We know that Hitler was jealous of her, didn’t like her going out, and that they’d argued about her desire to go to Vienna. Whether that was enough to prompt the death is debatable. One suggestion that later emerged was that Hitler practiced a sexual perversion in which he had Geli squat naked above him and urinate (or possibly defecate). We don’t know if that is true either, and Rosenbaum sees the suggestion as a way of seeing Hitler as so completely strange that he was unrelated to ordinary people. None of us could possibly have done what he did because we ordinary people aren’t perverted. The allegation rests on the word of Otto Strasser, whose brother had been murdered by Hitler, so there’s reason for doubt. Whether or not the alleged perversion affected Geli so strongly that she committed suicide, most of the other women he got involved with attempted suicide. Because of him? Or because he was attracted to women prone to suicide attempts?

Psychohistorian Robert Waite sees Hitler’s relationship with his niece, as well as his having only one testicle (“Hitler had only one left ball…”),  as basis for diagnosing him as a borderline personality, the sort of person who does dangerous and dramatic things. The diagnosis may or may not have been accurate, but Waite thinks the missing testicle is very significant, and we don’t know if it’s true. One doctor who examined him said he was normal in that respect.

It’s true that, as Waite pointed out,  Hitler didn’t always seem to want to win the war he later started: he could have destroyed the British army at Dunkirk, but halted his troops for two or three days instead. And after Pearl Harbor he declared war on the United States, committing himself to a two-front war that he had vowed to avoid and excusing Franklin Roosevelt from having to persuade the USA to go to war against Germany. Not only that, but he rerouted trains that should have taken supplies to the Eastern Front to deliver Jews to the death camps instead.That’s not enough to make Hitler a madman, exactly, though. Hubris may be enough to explain that and his behavior when the Russians began getting the better of his troops, and he refused to let them retreat.

But questions remain, and are hard to answer. Was Hitler sincere in his desire to kill the Jews, or was he just an opportunist? Did he believe killing them was right to do? If he did, why is he quoted in the book recording his table talk during the war as commenting (to Reinhard Heydrich and Heinrich Himmler) on the “rumors” about exterminating the Jews, when they were “merely parking them in swamps”, though they deserved to be exterminated?

And whether he was sincere or not, what caused him to want to do that? Was it simply that Jews (and others) cost too much to feed? Did he do it because he was a sexual pervert? Or was it (as has been suggested) that a billy goat took a bite out of his penis? That  a Jewish doctor took care of his mother during her fatal illness? Or that he caught syphilis from a Jewish prostitute?

Let’s consider some of the different interpretations of what he did.

Perhaps the earliest attempt to understand Hitler was by reporters of the Munich Post, which early decided he was bad news and tracked his behavior and that of his party members. Not just the street violence by the SA, Hitler’s private army, which often enough resulted in injuries and deaths, but the question of Hitler’s ability to live a comfortable lifestyle without visible means of support, and the sexual improprieties of some of his followers, including Ernst Röhm, head of the SA, who was notoriously homosexual.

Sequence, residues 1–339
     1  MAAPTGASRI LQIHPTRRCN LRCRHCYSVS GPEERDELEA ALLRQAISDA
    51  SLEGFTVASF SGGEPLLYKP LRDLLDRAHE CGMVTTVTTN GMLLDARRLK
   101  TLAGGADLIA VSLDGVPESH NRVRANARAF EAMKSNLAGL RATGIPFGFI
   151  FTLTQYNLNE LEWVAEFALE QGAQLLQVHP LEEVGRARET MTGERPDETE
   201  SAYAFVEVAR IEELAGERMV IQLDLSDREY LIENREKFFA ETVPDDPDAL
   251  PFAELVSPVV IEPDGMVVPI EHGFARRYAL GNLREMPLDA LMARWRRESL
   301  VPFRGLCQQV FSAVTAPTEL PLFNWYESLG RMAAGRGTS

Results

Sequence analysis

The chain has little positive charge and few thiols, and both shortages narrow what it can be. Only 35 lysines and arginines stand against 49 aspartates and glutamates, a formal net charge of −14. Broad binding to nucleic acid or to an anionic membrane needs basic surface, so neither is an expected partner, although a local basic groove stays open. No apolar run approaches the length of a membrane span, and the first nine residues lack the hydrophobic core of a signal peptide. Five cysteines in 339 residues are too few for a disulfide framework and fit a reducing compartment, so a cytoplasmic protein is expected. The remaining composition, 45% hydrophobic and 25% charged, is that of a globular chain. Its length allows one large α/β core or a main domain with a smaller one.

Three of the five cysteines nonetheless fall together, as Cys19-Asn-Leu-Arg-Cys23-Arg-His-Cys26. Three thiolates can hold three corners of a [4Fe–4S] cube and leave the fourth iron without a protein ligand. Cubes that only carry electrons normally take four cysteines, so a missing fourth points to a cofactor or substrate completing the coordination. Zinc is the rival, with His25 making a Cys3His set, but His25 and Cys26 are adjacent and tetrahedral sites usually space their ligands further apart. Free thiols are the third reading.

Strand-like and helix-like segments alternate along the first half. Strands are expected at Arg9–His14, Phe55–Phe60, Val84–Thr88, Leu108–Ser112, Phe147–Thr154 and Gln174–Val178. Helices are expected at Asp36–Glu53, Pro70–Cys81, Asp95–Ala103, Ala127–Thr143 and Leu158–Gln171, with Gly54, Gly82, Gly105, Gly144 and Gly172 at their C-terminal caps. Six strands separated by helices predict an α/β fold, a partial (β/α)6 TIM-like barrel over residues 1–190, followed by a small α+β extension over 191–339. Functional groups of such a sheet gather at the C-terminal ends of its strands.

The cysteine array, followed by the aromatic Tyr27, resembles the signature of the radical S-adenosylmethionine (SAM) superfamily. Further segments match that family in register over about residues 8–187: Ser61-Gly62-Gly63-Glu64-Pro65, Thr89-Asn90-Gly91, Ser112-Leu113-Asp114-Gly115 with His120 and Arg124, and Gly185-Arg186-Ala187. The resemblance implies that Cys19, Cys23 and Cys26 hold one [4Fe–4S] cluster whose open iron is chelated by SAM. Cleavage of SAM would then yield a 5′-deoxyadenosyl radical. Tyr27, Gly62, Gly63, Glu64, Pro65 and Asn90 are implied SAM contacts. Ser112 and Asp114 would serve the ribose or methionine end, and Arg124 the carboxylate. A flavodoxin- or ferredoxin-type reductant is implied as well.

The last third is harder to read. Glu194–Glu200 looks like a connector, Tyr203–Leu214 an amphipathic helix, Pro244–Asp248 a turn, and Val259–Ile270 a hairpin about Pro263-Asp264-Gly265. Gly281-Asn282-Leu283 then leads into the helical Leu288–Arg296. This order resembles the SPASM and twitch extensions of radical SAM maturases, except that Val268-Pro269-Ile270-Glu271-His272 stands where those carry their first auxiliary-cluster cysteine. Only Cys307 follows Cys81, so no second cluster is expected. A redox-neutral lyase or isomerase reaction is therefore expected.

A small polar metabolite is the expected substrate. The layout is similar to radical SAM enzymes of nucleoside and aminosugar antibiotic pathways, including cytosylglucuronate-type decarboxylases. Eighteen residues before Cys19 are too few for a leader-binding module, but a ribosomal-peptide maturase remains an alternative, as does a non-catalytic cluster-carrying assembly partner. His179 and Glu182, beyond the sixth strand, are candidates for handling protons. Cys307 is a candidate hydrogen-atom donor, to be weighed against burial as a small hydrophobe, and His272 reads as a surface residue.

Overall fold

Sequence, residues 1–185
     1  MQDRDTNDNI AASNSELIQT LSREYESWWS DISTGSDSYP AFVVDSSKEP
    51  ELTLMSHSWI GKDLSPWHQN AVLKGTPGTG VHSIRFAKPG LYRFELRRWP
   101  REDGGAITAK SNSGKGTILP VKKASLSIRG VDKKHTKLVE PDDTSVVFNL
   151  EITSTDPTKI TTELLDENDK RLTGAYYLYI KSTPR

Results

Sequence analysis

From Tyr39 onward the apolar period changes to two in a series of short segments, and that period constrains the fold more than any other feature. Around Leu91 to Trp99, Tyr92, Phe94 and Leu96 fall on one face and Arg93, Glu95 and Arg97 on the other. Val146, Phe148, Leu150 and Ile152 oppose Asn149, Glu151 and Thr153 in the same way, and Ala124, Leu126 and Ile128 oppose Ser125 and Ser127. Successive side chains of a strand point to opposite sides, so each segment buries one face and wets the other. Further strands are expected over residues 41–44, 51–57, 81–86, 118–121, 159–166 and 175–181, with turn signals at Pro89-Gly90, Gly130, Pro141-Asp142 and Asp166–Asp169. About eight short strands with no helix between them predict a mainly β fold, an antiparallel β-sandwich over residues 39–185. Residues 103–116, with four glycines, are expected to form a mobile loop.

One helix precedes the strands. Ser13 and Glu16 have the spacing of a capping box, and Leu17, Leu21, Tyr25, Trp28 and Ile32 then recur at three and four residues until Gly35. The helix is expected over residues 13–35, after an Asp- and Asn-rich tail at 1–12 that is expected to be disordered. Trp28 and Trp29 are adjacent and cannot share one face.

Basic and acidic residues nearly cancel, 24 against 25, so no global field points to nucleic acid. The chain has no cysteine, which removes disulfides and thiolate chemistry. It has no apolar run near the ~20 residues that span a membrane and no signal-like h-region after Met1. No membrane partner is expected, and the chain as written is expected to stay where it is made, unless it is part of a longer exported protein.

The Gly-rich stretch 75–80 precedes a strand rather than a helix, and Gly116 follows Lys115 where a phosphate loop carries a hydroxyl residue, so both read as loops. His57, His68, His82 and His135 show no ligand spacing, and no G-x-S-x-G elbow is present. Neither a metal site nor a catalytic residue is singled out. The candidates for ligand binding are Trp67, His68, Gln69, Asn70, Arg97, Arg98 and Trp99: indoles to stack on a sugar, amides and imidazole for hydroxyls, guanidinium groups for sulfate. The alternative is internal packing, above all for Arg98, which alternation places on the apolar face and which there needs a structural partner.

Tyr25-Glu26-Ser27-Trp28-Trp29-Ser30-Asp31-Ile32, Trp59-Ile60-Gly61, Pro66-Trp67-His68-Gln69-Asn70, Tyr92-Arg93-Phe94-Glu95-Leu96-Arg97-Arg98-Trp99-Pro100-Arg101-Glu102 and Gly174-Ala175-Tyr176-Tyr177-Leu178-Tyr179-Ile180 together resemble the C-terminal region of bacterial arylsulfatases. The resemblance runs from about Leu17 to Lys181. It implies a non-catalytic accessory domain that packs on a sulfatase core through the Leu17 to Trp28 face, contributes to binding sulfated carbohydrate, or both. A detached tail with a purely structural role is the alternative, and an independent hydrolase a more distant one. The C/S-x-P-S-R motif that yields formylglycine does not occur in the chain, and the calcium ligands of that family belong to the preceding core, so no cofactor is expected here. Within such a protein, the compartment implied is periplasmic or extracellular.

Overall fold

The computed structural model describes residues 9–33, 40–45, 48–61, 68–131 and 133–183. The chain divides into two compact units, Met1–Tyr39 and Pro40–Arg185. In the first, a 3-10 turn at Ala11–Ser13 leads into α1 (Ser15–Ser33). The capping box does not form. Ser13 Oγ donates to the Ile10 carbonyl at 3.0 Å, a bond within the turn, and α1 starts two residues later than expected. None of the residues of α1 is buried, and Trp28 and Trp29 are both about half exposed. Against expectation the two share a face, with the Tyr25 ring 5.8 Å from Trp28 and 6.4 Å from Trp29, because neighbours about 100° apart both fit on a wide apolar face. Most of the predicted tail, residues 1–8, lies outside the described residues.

They also covered the death of Geli Rabaul and the political murders the Nazis began committing in the last two years before Hitler became Chancellor of Germany. As determined as they were, and as assiduously as they documented Hitler’s crimes, not enough people paid attention. Once he achieved power the paper was shut down and any of the reporters who were unable to leave the country in time were sent to concentration camps or murdered.

Fritz Gerlich was another journalist who did the same. He had been a rightwing nationalist like Hitler, and might have supported him, but when Hitler asked him for support, he asked Hitler to promise not to mistreat von Kahr, the politician he supported and not to try a putsch. Hitler promised, then did attempt a putsch (sudden revolution) and arrested von Kahr during the course of it. Gerlich could never trust Hitler again. He started his own paper, but he and the Munich Post both denounced Hitler as a counterfeiter who lied about what he wanted, who he was, and especially about the myth that Germany had only lost the First World War because it was stabbed in the back by politicians and financiers, which meant JEWISH politicians and financiers. This was more comfortable to believe than that Germany had lost the war.

Gerlich in particular was able to get under Hitler’s skin. In a piece he published in 1932 he analyzed Hitler’s nose according to the racial characteristics that Hitler endorsed, saying that it wasn’t a Nordic nose, but looked much more Mongolian, and Mongolian mixed with other races. This was a way of pointing out that Hitler looked very little like his supposed blonde- haired blue eyed Aryan ideal.